The reason this works is because in a typical 4 wire trailer wiring harness the wires are Ground, Tail lights, Right Turn and Left Turn (not necessarily in that order). There is no separate wire for brakes unless you have an electric brake setup on your trailer. In my trailering 99% of the problems with lights are on the trailer itself, and not on the vehicle prior to the trailer light plug.
posted 08-23-2002 11:06 PM ET (US)
I had a Piranha LED marker light go. It
was the light, assembly, swapping in a spare
(I bought the lites, but have been replacing
incandescents as they die) made it work.
Simon: what did you do for a license plate
light? With incandescent tail lights,
normally there's a clear lens in the bottom
to light the plate.
posted 08-24-2002 07:53 AM ET (US)
My licence plate light: I took a look at Kingfish's post last Fall, actually 9-20-01, studied it, and decided that I'd take my chances and not put a licence plate light on at all. Actually there is some residual red light which shines onto the licence, but here in the Northeast Kingdom of Vermont I figured I was pretty safe. They don't check licence light at trailer inspection time. I realize this isn't the answer you were looking for but I figured somewhere along the line I would find a white or whitish light to use.
The stop/tail lights mount flush onto the galvanized bracket by drilling a 1 inch hole where the power/power/ground wires go through, then I bedded the light in GE silicone II caulking directly to the bracket.
posted 11-20-2002 08:14 AM ET (US)
This is a followup to my LED trailer problems.
I contacted Champion Trailer Company by FAX; they were informative in getting me the contact for the manufacturer, as they have you contact the manufacturer for warrantee stuff: Innovative Lighting 1-515-388-1011 and FAX 1-515-388-5549. I faxed them about the problem, they called me back and were happy to replace the defective lights, they arrived yesterday just as they said.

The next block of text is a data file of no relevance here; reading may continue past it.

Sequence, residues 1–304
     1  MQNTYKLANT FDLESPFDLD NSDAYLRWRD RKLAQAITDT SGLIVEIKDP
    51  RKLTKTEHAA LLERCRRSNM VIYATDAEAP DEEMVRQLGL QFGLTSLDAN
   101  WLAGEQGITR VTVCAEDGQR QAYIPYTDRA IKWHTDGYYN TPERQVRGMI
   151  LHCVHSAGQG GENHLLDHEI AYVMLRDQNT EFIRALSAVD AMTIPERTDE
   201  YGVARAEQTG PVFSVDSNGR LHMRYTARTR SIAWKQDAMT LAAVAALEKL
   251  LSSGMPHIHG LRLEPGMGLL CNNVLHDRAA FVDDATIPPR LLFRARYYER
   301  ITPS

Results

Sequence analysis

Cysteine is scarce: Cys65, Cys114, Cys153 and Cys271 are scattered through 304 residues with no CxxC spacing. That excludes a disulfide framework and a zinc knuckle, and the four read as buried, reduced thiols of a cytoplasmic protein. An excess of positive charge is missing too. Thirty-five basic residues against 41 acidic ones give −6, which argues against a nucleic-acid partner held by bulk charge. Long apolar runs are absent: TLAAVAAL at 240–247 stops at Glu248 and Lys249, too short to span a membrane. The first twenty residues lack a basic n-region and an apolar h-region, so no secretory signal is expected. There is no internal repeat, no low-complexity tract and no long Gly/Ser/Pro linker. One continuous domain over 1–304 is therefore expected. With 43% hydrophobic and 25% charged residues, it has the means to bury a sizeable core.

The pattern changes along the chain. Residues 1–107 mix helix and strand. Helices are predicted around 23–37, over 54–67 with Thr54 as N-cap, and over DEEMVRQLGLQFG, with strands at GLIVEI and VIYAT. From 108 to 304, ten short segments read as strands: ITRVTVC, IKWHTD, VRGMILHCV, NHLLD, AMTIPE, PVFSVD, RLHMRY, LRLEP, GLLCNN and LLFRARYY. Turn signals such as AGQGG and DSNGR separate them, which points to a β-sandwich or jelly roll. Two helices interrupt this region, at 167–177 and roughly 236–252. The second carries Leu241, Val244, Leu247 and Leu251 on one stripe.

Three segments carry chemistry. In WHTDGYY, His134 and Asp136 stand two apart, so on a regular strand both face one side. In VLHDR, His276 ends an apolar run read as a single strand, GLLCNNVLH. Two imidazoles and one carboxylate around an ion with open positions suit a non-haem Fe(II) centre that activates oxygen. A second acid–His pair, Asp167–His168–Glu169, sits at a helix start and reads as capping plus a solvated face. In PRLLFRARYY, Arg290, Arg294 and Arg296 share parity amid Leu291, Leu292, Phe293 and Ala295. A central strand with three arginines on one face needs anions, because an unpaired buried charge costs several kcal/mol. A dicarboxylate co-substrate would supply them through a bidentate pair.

Bottom line. These are two excellent companies which are both helpful when problems develop. The lights are quality products which according to the new packaging have a lifetime warrantee; anyone considering upgrading to LED trailer lights should consider ordering from Champion Trailers 1-800-229-6690 and FAX 1-800-359-8169 www.champtiontrailers.com.
Not a commercial for them but when I originally was looking for trailer light upgrades, I spent considerable time doing searches on the web which really was frustrating, because the available information was fragmented.
posted 11-20-2002 11:27 AM ET (US)
Does it matter if you get the Dry Launch round or rectangular?
I just ordered some and got the rectangular.
posted 11-20-2002 02:47 PM ET (US)
How is the ground between the vehicle and the trailer, and the lights and the trailer? I find, except for dipping the lights in water, grounding causes me more problem than anything else.
posted 11-20-2002 03:08 PM ET (US)
Thanks for following up on your LEDs - I've done afair bit of business with Champion Trailer too, although brake parts (extensive) rather than lights, and I have enjoyed the same high level of service from them that you report.
Glad things worked out for you-
posted 11-20-2002 04:51 PM ET (US)
Mike - I have no experience with the Dry Launch square version, since both of my trailers came with the round versions and still work fine. But if they are by Dry Launch, I would assume they will also last forever, and eliminate the need to disconnect when launching.
posted 11-20-2002 05:30 PM ET (US)
I don't rely on the ball and coupler to provide a good ground; I screw a ground wire to the trailer frame and connect this to the white wire on the trailer wiring harness fitting. I also use a dialectric grease inside the flat connectors--keeps the corrosion to a minimum, and keeps water out.
Used to unplug when launching, don't now. LEDs are not hot at all and in any event are hermetically sealed. If I did unplug there's a chance salt water will enter the dangling connectors--Murphy's law. If they're connected, at least they're out of the water.